FARM

A HISTORY AND CELEBRATION OF THE AMERICAN FARMER

Hosannas for American farming as the biggest, the best, the most bountiful in the world—and a raspberry for those backward little guys in Europe and Asia about whose prodigies of production Paulsen evidently knows nothing at all. This is naked hucksterism, likable when Paulsen is recounting the crazy history of sheep-raising, questionable when he attributes the decimation of buffalo herds to an inexorable need for leather and prairie farmland, pernicious—and dead wrong—when he ascribes every agricultural advance,whether in stock breeding, equipment development, or cooperative organization, to American initiative. The last lapse is the outdated, reiterated assertion that "there is no surplus of food anywhere in the world"—which will be news to American farmers in 1977. But in this saga of conquest there are no falling incomes either, no subsidies, no Farmers Union, no Cargill or Del Monte or other agri-businesses. No index, for that matter, not that there'd be anything to look up.

Pub Date: Oct. 20, 1977

ISBN: 0133047741

Page Count: -

Publisher: Prentice Hall

Review Posted Online: Oct. 18, 2011

Kirkus Reviews Issue: Oct. 1, 1977

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Stricter than, say, Bergen Evans or W3 ("disinterested" means impartial — period), Strunk is in the last analysis...

THE ELEMENTS OF STYLE

50TH ANNIVERSARY EDITION

Privately published by Strunk of Cornell in 1918 and revised by his student E. B. White in 1959, that "little book" is back again with more White updatings.

Stricter than, say, Bergen Evans or W3 ("disinterested" means impartial — period), Strunk is in the last analysis (whoops — "A bankrupt expression") a unique guide (which means "without like or equal").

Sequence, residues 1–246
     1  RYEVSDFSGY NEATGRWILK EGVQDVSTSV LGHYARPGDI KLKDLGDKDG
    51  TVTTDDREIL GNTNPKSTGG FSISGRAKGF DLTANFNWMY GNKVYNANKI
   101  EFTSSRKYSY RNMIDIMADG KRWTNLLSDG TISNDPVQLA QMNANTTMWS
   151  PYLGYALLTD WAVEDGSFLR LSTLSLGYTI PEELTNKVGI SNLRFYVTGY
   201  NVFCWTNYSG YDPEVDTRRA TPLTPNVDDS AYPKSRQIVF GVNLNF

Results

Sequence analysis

Pub Date: May 15, 1972

ISBN: 0205632645

Page Count: 105

Publisher: Macmillan

Review Posted Online: Oct. 28, 2011

Kirkus Reviews Issue: May 1, 1972

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MARTIN LUTHER KING, JR. AND THE MARCH ON WASHINGTON

This early reader is an excellent introduction to the March on Washington in 1963 and the important role in the march played by Martin Luther King Jr. Ruffin gives the book a good, dramatic start: “August 28, 1963. It is a hot summer day in Washington, D.C. More than 250,00 people are pouring into the city.” They have come to protest the treatment of African-Americans here in the US. With stirring original artwork mixed with photographs of the events (and the segregationist policies in the South, such as separate drinking fountains and entrances to public buildings), Ruffin writes of how an end to slavery didn’t mark true equality and that these rights had to be fought for—through marches and sit-ins and words, particularly those of Dr. King, and particularly on that fateful day in Washington. Within a year the Civil Rights Act of 1964 had been passed: “It does not change everything. But it is a beginning.” Lots of visual cues will help new readers through the fairly simple text, but it is the power of the story that will keep them turning the pages. (Easy reader. 6-8)

Pub Date: Jan. 1, 2001

ISBN: 0-448-42421-5

Page Count: 48

Publisher: Grosset & Dunlap

Review Posted Online: May 20, 2010

Kirkus Reviews Issue: Dec. 1, 2000

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